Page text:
With the momentum that is starting to build in the marketplace, a number of my clients are putting “upgrade the website” on their 2011 to-do list. It’s understandable; they want to invest in marketing and building their business, and their website is an ideal place to start.
But creating a website in 2011 is a little more complicated than it was in 2005. There are some great websites out there that are doing innovative and exciting things. It’s a lot tougher to attract traffic and be found than it used to be. Even if you are found, how do you stand out? Why do you look different or better than the thousands of other professionals that pop up in Google? And most important, how do you get people to engage with your website in a way that builds trust and authority?
For all these reasons redesigning your web presence in 2011 requires focus, strategy and execution. Are you up to the challenge? Then, let’s get to work.
In order to stand out in an increasingly crowded webosphere, you must be able to answer these questions very clearly:
- What does your business do?
- What do your clients need and how you can fulfill that need?
- Why are you different from your competitors?
Simple enough, right? Well, if it were that easy, there wouldn’t be the abundance of poor and very unclear websites out there. The problem is that many businesses don’t know the answers to these questions, or at least they can’t write them down in a way that makes sense to prospects. When you sit down to work on your website, you need to read it from your prospect’s eyes, so focus on what your prospects would want to read.
Don’t forget to focus too on what you need and want. What type of business do you want more of? What do you want less of, or should you eliminate? Once you answer those questions make sure your website copy SCREAMS out that focus. The more narrowly you focus, the more attractive you will be to your target customer.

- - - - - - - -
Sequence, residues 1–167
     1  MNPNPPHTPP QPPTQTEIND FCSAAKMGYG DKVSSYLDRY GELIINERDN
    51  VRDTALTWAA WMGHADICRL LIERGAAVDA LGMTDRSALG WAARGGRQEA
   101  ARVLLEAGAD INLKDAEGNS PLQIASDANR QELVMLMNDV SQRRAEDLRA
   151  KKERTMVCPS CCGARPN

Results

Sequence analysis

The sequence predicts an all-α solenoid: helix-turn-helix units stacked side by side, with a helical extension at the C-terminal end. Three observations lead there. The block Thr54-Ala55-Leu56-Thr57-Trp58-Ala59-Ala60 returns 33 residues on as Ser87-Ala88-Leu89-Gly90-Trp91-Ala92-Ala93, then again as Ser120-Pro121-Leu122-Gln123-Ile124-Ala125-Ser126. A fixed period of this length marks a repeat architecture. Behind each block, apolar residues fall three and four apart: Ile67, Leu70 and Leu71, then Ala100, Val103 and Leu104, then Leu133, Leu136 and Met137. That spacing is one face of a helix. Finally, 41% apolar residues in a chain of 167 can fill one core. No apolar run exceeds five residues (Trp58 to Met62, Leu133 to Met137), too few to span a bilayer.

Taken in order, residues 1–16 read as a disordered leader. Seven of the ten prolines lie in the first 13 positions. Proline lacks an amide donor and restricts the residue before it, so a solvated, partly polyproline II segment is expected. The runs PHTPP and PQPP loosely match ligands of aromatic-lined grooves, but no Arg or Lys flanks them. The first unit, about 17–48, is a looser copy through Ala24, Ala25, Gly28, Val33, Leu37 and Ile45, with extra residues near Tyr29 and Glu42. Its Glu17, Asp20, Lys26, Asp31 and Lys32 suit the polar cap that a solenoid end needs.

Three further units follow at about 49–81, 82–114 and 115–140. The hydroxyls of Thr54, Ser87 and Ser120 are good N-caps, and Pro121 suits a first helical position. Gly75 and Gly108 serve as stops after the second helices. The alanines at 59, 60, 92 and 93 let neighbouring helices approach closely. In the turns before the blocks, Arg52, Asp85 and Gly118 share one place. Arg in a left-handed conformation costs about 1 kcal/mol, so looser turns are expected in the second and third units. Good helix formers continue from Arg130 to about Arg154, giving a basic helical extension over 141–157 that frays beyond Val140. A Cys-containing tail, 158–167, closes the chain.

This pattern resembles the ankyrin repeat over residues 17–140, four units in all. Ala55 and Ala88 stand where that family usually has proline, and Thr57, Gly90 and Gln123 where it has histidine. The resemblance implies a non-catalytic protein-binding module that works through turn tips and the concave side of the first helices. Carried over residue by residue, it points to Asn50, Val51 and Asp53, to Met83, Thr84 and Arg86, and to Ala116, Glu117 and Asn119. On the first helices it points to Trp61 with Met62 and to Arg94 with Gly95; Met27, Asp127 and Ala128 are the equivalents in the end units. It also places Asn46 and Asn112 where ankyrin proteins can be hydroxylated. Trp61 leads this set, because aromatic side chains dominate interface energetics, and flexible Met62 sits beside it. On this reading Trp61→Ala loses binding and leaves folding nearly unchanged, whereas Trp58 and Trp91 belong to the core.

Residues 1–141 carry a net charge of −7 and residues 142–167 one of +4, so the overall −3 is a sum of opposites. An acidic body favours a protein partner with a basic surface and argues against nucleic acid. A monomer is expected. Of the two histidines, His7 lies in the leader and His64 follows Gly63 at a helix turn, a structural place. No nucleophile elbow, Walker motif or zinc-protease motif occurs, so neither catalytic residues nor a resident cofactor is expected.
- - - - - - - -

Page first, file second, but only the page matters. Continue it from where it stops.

One of my favorite business articles is entitled Never Get Involved in a Land War in Asia (or Build a Website for No Reason). The author, Internet guru Greg Storey, has a very simple process for creating an Objective for your site and a brief strategy for what you want to accomplish with readers once they arrive at the site. It’s essential that you answer those questions before you even begin the process of designing a website.
While that article is one of my favorites, it was written in 2005, and in 2011 we need to go further. Once you know why you are creating a website, and what you want people to do once they get there, you must decide HOW people are going to get to the site. Terrific content is a must, but there is tons of great content on the web. Think about going beyond our own sites, to where the readers already are and then to attract those ideal clients to you. This may mean working with a skilled Search Engine Optimization firm or developing a LinkedIn or other Social Media strategy. Whatever venue you choose, you must engage your audience and demonstrate your expertise.
Once you have a strategy, follow through on it. The web is not a world where perfection rules; it’s more of a get-it-started-and-then-refine-it kind of process than a wait-and-try-to-get-it-perfect. So, get started on something and commit yourself to continuing to refine it. Web designers certainly need time to create the site, and the timetable varies depending on the complexity of the site. But, as most web designers will tell you, the majority of the hold-ups are caused by the client either not providing the information they need to, or not signing off on the copy. Set a goal of having your new site done in 3 months, or better yet in 6 weeks. A short, focused effort, followed by a period of tweaking and refining (after you see what the readers like and do) is more likely to bring home the bacon.
Years ago, websites were considered a “fire and forget it.” These days, your web presence should be interacting and constantly evolving. How does your website fare?
Photo credit: greg westfall.